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Date:      Mon, 26 Nov 2001 23:10:41 -0800
From:      "Ted Mittelstaedt" <>
To:        "Robert Suetterlin" <>
Cc:        <freebsd-questions@FreeBSD.ORG>
Subject:   RE: storing 10TB in 494x435x248mm, with power of 200W (at 28VDC) (was: why are You asking here)
Message-ID:  <000001c17712$9f775880$>
In-Reply-To: <>

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>-----Original Message-----
>From: owner-freebsd-questions@FreeBSD.ORG
>[mailto:owner-freebsd-questions@FreeBSD.ORG]On Behalf Of Robert
>Sent: Monday, November 26, 2001 3:05 AM
>To: Ted Mittelstaedt
>Cc: freebsd-questions@FreeBSD.ORG
>Subject: storing 10TB in 494x435x248mm, with power of 200W (at 28VDC)
>(was: why are You asking here)
>Hello Ted,
>thanks for discussing this problem so far, it really helps making up
>my mind when I get different opinions on this topic.

your welcome

>> >> 3) What exactly is a HSM going to do for you?
>> >HSM is useful if You have a hirarchy of storage with different
>> >qualities.
>> That's what I said.
>> You indicated that your doing archival only - ie: "one quality" in your
>> terms.  Is this not true?
>Sorry.  I seem to keep to much of my thoughts to myself: A data rate of
>260MByte per second, the size and power limits seemed to prohibit real
>time compression.  (We need 'lossless' compression, and there has not
>been an algorithm selected / designed yet.)

The only people I know of in the industry that have the experience with
on-the-fly high compression that might possibly help you is Stac Electronics,
they have some patented algorithms that could possibly be scaled up to what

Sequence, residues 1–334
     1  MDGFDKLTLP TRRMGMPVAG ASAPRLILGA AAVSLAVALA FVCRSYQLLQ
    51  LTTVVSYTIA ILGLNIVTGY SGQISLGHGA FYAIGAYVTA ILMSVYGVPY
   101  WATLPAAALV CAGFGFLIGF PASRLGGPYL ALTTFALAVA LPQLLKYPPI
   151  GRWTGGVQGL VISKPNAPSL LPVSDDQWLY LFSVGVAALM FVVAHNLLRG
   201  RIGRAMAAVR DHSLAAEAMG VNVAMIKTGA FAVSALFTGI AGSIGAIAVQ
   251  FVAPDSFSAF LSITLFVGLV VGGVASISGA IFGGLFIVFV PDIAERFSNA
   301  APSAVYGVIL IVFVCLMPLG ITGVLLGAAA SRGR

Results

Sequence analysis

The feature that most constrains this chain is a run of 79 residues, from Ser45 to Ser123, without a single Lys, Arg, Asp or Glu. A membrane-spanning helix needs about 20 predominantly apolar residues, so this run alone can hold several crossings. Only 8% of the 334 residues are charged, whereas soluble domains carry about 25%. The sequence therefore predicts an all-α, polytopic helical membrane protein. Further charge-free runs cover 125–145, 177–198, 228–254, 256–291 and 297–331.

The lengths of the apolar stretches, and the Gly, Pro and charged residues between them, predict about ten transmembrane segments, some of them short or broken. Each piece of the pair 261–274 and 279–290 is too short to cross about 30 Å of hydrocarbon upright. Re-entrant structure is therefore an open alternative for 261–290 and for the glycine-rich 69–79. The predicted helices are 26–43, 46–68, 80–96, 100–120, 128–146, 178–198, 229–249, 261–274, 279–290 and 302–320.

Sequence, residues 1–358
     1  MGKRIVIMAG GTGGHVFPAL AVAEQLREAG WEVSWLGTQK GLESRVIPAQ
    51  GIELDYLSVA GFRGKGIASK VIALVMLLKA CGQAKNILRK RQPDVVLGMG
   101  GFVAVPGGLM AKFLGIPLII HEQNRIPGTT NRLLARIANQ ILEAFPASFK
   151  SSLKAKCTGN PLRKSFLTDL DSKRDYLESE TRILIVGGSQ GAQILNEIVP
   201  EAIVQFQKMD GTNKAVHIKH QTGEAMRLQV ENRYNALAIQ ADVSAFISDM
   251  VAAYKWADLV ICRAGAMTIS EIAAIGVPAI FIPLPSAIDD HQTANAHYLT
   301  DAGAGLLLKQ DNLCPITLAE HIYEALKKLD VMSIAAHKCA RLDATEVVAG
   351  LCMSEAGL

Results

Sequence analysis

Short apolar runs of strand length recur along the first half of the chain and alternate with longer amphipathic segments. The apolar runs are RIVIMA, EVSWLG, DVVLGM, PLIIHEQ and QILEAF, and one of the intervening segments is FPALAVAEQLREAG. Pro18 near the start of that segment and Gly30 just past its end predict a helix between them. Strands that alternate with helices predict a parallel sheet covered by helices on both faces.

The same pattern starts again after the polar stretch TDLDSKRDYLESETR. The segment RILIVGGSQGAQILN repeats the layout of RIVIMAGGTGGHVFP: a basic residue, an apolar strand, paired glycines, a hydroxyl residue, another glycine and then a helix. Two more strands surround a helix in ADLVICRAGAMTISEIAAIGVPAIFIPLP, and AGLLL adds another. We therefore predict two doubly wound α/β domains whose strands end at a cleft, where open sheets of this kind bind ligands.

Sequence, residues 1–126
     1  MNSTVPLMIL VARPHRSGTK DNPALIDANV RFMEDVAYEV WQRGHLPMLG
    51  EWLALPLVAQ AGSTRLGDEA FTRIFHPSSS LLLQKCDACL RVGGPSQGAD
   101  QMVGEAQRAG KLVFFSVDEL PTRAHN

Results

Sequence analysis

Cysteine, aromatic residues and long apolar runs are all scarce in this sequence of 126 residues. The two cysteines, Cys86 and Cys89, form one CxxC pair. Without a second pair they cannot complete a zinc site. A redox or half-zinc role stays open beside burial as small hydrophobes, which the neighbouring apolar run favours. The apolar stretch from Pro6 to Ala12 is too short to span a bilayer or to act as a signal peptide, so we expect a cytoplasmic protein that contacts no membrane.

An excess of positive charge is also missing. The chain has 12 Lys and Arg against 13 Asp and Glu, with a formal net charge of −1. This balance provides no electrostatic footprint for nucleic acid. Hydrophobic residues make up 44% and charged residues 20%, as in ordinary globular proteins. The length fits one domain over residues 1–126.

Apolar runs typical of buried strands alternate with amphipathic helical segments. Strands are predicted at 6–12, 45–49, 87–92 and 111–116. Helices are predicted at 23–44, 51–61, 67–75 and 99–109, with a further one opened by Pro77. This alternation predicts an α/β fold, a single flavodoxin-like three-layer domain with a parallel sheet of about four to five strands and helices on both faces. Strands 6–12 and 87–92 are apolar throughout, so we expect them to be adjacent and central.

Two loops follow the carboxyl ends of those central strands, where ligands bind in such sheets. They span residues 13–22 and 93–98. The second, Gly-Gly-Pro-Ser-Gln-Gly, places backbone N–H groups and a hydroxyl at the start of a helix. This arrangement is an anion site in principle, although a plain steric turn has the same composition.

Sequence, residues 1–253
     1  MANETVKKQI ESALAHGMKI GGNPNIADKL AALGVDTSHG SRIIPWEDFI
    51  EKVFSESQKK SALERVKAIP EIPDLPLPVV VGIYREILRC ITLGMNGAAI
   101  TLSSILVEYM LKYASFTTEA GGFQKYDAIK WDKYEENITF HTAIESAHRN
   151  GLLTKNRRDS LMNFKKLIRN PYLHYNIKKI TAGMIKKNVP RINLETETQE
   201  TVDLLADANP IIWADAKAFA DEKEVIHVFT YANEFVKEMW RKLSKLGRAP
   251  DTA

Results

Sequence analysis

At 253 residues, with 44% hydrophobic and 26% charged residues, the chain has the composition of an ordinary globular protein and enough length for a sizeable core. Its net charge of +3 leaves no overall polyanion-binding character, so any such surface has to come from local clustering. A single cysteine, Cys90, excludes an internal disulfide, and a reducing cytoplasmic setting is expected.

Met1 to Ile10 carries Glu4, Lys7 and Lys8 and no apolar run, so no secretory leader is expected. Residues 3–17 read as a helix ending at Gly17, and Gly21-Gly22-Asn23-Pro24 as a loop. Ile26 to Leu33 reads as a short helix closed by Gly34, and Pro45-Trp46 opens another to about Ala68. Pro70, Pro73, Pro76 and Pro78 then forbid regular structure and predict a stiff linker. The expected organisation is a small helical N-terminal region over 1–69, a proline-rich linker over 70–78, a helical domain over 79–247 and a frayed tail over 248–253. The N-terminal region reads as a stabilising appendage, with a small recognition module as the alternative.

you want.

I would not discount on-the-fly compression if I were you.  Even if you got a
small amount of compression it would reduce the storage needs tremendously.
It's an option that because the benefits are so large it's worth exploring.

>I concluded we would have to
>record the 45 Minute 260MB/s databursts to some kind of fast
>intermediate storage (for example RAM or Solid State Disks, etc.).  Then
>we could spend some time (e.g. a day) on transferring that data to
>permanent storage and possibly reprocessing / compressing offline.

>Sometimes experimentalists would like to read some 'old' data back into
>the machinery to do a little analysis online (via telescience) before a
>shuttle takes the 'tapes' back to earth.  In addition the system should
>'automatically' record metadata and implement redundancy.

Would the experimentalists really need the high resolution to do online
analysis?  What about recording 2 databursts at the same time - a high
resolution one and a low resolution one?  The low resolution one would
spool off to temp storage and perhaps only be saved for a few days, or
downloaded Earthside.  That might be enough to figure out where the
interesting things are.

>To me there seemed to exist two possible solutions (except for the
>completely handmade thingy): 1) a kind of batchmode system running
>{record, reprocess, store} and {reread, reprocess, manipulate} jobs that
>would be similar to a VCR and would require implementing metadata and
>redundancy 'by hand'. 2) or using some kind of storage manager, that
>could handle these tasks and manage resources 'automatically'.

Well, I think you got 2 redundancy needs here.  First is what you would call
data integrity problems, that's what you want the metadata for, all it does is
verify that the storage medium isn't trash.  It's important for storage
media like tape because tape is nowhere near got the critical reliability
that you want.  But, I'd pose the question, what if the storage medium
were "perfect" or nearly so, would there be the same redundancy needs?

The second redundancy is, well what happens if a shuttle on a return trip
and your tapes get disintegrated.

>> >150TB of data per year.  If there is a
>> >shuttle mission each month, they will have to transport 10TB of data